Last November, Gina Musto sat down to interview Jeremy Motz (or just Motz) as part of a look at artists and mental illness in the Twin Cities theater community. Motz was kind enough to share his experiences with Gina for Minnesota Playlist.

Editor's Note: content warning - this piece contains discussion on depression and suicidal thoughts.

GM: Tell me about your experiences in theater and about your work.

JM: I’m a playwright and an actor. I moved to Minnesota from Michigan and lived here for 10 years. Originally, I moved here for the Playwrights’ Center and the Guthrie, but those weren’t really the places for me, so I went out on my own. I went to grad school for playwriting at Ohio University. It was like what Writers’ Workshop in Iowa used to be – structure forward – and it was really helpful for me.

I came back to Minnesota in 2011 and drifted aimlessly for a while. I ended up acting in Fringe and that’s when I found my scene – it’s mercenary theater that you’re in charge of everything and it felt right. In 2013, I applied with my own show and got in on the first try. I only had a shred of an idea, but Damon Runnals (who directed it) helped a lot with this performance. The show itself was a lot about depression – coping, working beyond it, and how that affects your life and outlook on things.

This year (2017) was my fifth Fringe show – I’ve done it every year since I first started, writing original plays and acting in them. Up until last summer I was using them as a sort of therapy for myself. I couldn’t solve my money and insurance problems, so I figured I’d write about it instead of putting that frustration on self and put it in the plays instead. I developed a great build-up before the show and during performances, then felt gutted the end of it all. I realized it wasn’t helping – it was helping at the time but not in a way to move forward essentially.

Last fall I took some steps to enroll in IOP – intensive outpatient program. I essentially got leave from work and they were very supportive about it. The program was four days a week, three hours a day for eight weeks. Really intense stuff – there were ten of us in a group and had to confront a lot of stuff we didn’t want to talk about. But not talking about it doesn’t work. This program helped me a lot. For this year’s Fringe, I had zero stress, I wasn’t freaking out after being through the group. It could be because it was the fifth time I was in the festival, but I also had the tools to deal with it, a mental toolbox, and I knew how to deal with feelings of worthlessness. I was sad when the show was over, but I didn’t feel as gutted and as empty as in past years. But all of us should be talking about mental health – it’s become important for me to be there for people who have questions and help with all of that.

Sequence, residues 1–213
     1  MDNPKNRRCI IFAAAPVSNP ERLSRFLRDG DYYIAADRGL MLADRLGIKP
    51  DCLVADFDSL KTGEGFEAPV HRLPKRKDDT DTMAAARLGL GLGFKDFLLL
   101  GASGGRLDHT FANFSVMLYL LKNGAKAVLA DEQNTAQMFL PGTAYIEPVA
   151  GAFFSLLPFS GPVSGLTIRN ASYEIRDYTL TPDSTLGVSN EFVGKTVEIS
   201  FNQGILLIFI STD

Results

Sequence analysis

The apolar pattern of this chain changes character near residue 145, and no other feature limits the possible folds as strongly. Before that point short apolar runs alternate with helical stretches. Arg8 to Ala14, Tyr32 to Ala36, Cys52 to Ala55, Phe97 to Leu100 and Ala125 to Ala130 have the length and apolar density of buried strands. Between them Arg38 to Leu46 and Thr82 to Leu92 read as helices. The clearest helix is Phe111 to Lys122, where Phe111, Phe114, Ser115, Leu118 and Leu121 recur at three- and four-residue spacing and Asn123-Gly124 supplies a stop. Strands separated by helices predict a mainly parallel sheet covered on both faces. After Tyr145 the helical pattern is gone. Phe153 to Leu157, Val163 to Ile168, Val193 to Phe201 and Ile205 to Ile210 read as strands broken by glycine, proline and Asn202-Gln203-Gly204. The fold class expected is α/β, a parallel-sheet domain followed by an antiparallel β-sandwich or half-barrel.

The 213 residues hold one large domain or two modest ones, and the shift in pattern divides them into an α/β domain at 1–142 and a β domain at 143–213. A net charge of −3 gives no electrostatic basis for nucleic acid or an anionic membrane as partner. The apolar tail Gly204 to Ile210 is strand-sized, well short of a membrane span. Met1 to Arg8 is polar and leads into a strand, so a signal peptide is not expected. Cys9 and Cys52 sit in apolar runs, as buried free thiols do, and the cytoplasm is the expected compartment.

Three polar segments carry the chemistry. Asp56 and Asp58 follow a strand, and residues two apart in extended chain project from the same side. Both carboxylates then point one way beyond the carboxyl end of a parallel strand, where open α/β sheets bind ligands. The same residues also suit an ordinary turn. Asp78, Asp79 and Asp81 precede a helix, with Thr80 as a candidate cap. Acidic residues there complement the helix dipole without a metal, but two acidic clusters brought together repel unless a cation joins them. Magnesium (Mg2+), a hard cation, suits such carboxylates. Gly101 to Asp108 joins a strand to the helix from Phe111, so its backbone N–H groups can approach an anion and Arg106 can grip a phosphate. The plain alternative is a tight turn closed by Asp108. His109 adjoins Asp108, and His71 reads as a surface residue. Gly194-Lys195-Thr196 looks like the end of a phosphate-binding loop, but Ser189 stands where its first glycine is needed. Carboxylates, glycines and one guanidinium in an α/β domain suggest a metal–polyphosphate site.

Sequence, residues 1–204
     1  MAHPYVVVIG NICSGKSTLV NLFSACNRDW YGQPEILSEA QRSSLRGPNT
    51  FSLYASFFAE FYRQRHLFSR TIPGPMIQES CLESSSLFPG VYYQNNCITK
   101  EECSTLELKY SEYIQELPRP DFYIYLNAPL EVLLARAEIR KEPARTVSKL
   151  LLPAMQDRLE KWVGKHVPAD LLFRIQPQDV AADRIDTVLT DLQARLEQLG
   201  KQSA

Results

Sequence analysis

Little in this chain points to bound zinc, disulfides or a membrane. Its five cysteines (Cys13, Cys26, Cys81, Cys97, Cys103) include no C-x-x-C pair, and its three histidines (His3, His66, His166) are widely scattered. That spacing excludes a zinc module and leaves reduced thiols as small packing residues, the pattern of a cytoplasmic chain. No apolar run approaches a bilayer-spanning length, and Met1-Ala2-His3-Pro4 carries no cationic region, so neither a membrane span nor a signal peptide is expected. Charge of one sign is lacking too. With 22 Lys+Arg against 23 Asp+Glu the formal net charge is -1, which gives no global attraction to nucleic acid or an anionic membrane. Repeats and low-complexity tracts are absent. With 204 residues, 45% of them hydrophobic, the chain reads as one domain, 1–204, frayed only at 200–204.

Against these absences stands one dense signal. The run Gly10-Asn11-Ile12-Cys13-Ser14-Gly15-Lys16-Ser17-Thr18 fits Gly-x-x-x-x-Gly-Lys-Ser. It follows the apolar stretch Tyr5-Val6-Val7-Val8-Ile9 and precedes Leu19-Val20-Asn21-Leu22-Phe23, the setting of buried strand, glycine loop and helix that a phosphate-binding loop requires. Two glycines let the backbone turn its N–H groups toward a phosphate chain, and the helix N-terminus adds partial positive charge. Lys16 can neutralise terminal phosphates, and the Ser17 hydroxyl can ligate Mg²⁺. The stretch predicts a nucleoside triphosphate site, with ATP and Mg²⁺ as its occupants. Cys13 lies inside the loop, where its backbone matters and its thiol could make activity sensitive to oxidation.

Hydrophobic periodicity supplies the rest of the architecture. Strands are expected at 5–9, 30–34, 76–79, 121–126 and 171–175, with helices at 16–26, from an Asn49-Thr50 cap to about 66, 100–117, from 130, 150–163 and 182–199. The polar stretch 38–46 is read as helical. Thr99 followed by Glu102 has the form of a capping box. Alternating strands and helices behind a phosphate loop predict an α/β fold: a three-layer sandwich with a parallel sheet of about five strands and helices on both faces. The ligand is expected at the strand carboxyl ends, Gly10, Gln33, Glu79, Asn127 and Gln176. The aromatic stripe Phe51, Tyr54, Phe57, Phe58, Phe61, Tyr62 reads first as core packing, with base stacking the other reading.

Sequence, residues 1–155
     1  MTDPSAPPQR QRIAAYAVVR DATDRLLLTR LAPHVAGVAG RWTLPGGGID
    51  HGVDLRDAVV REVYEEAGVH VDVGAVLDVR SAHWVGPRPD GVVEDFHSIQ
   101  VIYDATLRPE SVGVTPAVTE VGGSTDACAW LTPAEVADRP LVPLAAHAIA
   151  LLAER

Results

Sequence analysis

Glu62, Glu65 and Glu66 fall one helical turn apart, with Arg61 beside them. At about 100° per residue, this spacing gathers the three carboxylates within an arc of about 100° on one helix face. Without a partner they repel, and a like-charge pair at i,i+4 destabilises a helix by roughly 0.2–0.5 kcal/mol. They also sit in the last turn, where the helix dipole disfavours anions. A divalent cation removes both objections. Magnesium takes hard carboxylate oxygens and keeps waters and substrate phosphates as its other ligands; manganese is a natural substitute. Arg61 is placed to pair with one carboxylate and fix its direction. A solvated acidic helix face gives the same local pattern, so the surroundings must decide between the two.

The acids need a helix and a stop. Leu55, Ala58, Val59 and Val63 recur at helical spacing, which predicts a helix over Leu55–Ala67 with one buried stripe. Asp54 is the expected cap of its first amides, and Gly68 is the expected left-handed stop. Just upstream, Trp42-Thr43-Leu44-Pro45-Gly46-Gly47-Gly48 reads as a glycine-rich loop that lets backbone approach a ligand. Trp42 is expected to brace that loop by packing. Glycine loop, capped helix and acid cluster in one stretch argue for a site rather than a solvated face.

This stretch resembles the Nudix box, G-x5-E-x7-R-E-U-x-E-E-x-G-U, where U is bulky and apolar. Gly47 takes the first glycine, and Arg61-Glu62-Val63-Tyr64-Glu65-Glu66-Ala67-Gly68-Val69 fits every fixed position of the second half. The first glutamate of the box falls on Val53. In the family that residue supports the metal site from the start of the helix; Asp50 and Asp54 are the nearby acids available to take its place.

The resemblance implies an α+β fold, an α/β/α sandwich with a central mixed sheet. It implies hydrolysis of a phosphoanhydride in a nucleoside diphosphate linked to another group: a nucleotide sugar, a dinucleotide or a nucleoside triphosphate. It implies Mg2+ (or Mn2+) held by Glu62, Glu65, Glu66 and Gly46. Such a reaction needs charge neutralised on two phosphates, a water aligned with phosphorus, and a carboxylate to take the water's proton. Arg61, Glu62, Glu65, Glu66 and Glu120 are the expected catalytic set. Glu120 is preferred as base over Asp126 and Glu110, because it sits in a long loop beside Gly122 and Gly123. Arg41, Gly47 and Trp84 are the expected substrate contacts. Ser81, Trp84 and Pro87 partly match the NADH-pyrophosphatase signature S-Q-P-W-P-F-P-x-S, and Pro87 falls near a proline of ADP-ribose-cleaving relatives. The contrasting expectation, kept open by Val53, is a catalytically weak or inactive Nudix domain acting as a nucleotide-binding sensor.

GM: You’ve mentioned it already but tell me a little bit about your experiences with mental illness. You deal with depression. Do you also deal with anxiety? Often, they can go hand in hand.

JM: I have depression, anxiety not so much. Typically, I struggle with feelings of helplessness and worthlessness. Anxiety only came up when revving up for shows, not a crippling kind of thing or inhibiting. It rears its head in strange ways – I don’t want to talk to people on the phone, but that’s probably more of an “I don’t like people thing” than anxiety thing.

 

GM: When was the first time you realized you had depression?

JM: I feel like I’ve had it for a long time, but I just thought it was part of who I was, as a teenager. In theater, I was around groups of people who are really energetic, which is good when you’re really depressed. But I found ways to avoid doing anything about the depression – shoving it back and moving on to the next project. I think moving out here after college was a big pressure point – I didn’t know anybody, I had to go out on my own and get away. I found a great community, but still felt that pang of not good enough, not worth it, no one wants to cast me, no one wants to do my work – that doesn’t help.

I had this idea of “I just need to go to grad school and then people will want to do my work.” Getting rejected from grad school didn’t help. Moving back after grad school was a big depression trigger – it was a three-year program but due to extenuating circumstances, I got cut off after one year and got an MA instead of an MFA. I felt like I was getting kicked out – I’d just spent a year with people and got to know them and then I just had to go.